Human Terror

Human Terror

Human Terror

How you look at things.
Sept. 12 2001 2:30 AM

Human Terror

How many weapons do you need to kill thousands of American civilians in about an hour?

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Answer: None.

William Saletan William Saletan

Will Saletan writes about politics, science, technology, and other stuff for Slate. He’s the author of Bearing Right.

As of 4 p.m. ET, no evidence has emerged that the people who massacred the occupants of the World Trade Center or the Pentagon this morning supplied any of the technology that made such devastation possible. They supplied no missiles. They supplied no bombs. They used no electronic communications that were intercepted.

How did they kill so many people so fast?

At 8 a.m., they had no explosives or delivery vehicles. By 9 a.m., they had both. Where did they get them? From us. We supplied the delivery vehicles: four commercial passenger planes. We supplied the explosives: tanks loaded with jet fuel for the 3,000-mile journey from the East Coast to California. We supplied the secondary force that multiplied the deaths and destruction: the weight of the upper floors of the World Trade Center towers, which collapsed on the floors below.

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All the perpetrators needed were a few human beings who were willing to die.

It may take months to determine exactly what happened, but this much is clear. Three planes were flown directly into targeted buildings. Unless the pilots or flight attendants steered the planes into those buildings deliberately or under threat, either of which is unlikely, that means that the perpetrators knew reliably—reliably enough to succeed in all three cases—how to get into the cockpits and how to fly commercial planes. Getting into the cockpits probably required implements that could pass through airport detection and later become weapons. But engineering the collisions—guiding the missiles—required something no X-ray machine or airport security officer could spot: the knowledge of how to fly planes, stored in the perpetrator's head.

The minimalism of today's attacks confounds our usual debates about how to protect ourselves. Take the debate over gun control. The National Rifle Association says that to protect ourselves against criminals with guns, we need guns of our own. Gun control advocates reply that your own gun is likely to be used against you by yourself, someone in your family, or a criminal who captures it. This morning's catastrophe should give both sides pause. Our own devices were used to kill us. And those devices weren't the kind we think of as weapons. We wouldn't have impeded these attacks by disarming terrorists any more than we would have by disarming ourselves.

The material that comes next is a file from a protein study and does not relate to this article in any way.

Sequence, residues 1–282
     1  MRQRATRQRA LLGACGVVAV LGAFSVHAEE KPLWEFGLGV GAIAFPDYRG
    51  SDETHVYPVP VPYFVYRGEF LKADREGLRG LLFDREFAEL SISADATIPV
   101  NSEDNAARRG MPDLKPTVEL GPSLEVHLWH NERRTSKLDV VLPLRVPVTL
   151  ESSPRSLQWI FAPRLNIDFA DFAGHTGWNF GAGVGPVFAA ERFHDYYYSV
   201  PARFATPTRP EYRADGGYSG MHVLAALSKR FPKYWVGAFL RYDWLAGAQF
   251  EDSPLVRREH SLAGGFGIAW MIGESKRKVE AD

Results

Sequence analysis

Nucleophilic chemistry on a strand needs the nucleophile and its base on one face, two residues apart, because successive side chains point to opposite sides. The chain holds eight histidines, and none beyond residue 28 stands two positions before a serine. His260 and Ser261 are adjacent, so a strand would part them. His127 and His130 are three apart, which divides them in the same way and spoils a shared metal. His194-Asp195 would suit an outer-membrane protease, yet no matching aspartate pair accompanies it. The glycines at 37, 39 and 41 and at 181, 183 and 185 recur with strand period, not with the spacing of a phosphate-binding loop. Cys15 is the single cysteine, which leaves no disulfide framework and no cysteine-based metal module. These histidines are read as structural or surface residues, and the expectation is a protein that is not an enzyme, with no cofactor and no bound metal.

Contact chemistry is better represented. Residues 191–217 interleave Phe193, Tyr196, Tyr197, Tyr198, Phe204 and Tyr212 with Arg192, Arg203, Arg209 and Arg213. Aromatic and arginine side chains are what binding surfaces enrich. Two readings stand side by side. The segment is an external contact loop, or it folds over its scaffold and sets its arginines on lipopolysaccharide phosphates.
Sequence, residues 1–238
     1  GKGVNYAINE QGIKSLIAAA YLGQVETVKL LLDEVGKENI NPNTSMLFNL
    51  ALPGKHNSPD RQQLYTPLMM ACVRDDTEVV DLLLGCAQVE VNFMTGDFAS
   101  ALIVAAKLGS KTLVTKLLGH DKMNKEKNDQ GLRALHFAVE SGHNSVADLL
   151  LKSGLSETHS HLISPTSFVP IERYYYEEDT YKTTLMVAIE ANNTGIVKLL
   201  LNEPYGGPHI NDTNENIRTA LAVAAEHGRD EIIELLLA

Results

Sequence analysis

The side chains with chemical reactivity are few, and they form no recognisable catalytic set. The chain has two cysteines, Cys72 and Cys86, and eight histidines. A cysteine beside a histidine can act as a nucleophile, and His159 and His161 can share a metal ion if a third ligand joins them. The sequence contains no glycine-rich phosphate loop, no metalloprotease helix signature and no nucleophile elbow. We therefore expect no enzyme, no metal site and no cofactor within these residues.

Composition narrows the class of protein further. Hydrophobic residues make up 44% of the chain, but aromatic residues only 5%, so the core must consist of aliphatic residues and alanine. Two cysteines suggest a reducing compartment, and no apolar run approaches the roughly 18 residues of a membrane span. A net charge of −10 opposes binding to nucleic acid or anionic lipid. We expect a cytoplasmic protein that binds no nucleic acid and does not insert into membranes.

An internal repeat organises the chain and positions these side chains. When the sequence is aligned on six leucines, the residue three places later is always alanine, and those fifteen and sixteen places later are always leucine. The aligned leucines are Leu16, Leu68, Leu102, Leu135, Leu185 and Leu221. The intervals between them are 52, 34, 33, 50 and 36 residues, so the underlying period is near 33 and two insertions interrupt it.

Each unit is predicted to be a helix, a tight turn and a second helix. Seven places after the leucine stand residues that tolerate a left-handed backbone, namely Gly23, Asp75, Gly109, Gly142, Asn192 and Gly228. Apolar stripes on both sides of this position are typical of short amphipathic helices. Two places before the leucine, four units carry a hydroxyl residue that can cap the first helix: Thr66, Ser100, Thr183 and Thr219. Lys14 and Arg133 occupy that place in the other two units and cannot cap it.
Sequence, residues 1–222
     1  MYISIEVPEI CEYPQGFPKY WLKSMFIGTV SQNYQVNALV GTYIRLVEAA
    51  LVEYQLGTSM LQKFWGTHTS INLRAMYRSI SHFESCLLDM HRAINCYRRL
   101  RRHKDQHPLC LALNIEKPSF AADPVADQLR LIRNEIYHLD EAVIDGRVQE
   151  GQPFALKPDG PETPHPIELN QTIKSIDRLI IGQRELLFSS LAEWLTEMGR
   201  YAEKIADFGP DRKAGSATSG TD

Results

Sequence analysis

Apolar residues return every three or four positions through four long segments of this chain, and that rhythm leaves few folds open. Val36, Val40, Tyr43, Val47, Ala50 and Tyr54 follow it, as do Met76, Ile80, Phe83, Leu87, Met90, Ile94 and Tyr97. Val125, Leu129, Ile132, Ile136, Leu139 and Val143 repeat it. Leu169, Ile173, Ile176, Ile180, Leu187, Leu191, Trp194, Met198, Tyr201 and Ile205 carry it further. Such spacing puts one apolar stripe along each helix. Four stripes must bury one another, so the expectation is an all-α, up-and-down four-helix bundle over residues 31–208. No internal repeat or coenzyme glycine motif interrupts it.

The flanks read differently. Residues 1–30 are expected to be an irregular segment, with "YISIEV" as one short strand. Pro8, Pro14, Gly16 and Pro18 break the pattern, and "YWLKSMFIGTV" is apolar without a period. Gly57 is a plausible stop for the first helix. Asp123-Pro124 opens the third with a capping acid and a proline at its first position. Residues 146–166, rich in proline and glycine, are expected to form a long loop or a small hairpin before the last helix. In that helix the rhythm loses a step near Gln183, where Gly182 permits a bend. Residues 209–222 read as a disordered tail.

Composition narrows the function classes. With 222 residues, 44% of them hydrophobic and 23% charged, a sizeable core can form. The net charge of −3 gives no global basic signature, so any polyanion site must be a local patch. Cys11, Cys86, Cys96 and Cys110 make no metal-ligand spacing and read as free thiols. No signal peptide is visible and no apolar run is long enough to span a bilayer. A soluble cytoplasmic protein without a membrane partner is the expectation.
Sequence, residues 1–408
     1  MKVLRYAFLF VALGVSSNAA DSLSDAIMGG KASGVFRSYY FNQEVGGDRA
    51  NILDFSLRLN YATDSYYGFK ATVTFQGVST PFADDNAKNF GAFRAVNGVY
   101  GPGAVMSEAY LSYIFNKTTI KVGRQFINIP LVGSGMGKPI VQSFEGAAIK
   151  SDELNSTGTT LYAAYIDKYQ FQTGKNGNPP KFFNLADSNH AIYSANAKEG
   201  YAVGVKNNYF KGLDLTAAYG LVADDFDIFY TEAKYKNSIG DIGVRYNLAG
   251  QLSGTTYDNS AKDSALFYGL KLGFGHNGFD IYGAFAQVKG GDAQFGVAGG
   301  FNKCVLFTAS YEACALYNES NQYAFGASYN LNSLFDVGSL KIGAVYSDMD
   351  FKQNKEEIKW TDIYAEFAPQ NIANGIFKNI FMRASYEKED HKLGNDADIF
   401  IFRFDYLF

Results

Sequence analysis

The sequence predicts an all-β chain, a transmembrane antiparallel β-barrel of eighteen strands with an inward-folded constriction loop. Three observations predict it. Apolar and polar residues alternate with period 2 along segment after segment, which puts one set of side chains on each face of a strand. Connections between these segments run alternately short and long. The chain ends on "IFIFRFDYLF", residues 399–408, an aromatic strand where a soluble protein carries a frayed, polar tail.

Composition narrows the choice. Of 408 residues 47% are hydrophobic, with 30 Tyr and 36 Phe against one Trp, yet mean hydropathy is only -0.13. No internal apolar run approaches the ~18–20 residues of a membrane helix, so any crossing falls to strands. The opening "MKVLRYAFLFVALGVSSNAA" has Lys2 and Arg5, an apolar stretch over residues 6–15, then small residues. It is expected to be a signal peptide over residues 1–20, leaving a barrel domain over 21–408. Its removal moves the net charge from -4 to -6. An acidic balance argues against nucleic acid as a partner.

Or take the debate over National Missile Defense. Supporters of NMD have pointed out that we have no system to protect American cities from missile attack. Opponents of NMD have pointed out that such a system can't stop terrorists from bring "suitcase" bombs into the country. Both sides have underestimated our vulnerability. Terrorists don't need a bomb or even a suitcase. They just need a driver's license.

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Then there's the debate between electronic surveillance and "human intelligence." Advocates of the latter argue that we rely too much on technology to monitor terrorists. They say we have to infiltrate terrorist cells with human agents. They're right. But even that isn't enough. The perpetrators of today's hijackings didn't board airplanes in London or Athens. They boarded them in Boston; Newark, N.J.; and Washington, D.C.

How do you stop a commercial plane from flying into a building? If it doesn't respond to hails, do you assume the worst and try to shoot it down? Even if you had the technology to do so, how many minutes or seconds would you have between the time air traffic controllers realized something was wrong and the time you had to fire or risk downing the plane over the city? How many planes full of passengers are you willing to shoot down to make sure you prevent another disaster like those that happened today? In a world in which people with planes kill people, how many private planes are you willing to ground? How many pilots' licenses are you willing to confiscate?

Remember the movie in which a teen-age girl, alone in a house at night and hounded by menacing phone calls, locks all the doors and windows? When the police finally trace the calls, they inform the girl of the horrifying news: The phone calls are coming from inside the house.

Welcome to the new theater of war. The killers are inside the house. Our utensils are their weapons. And there is no phone call.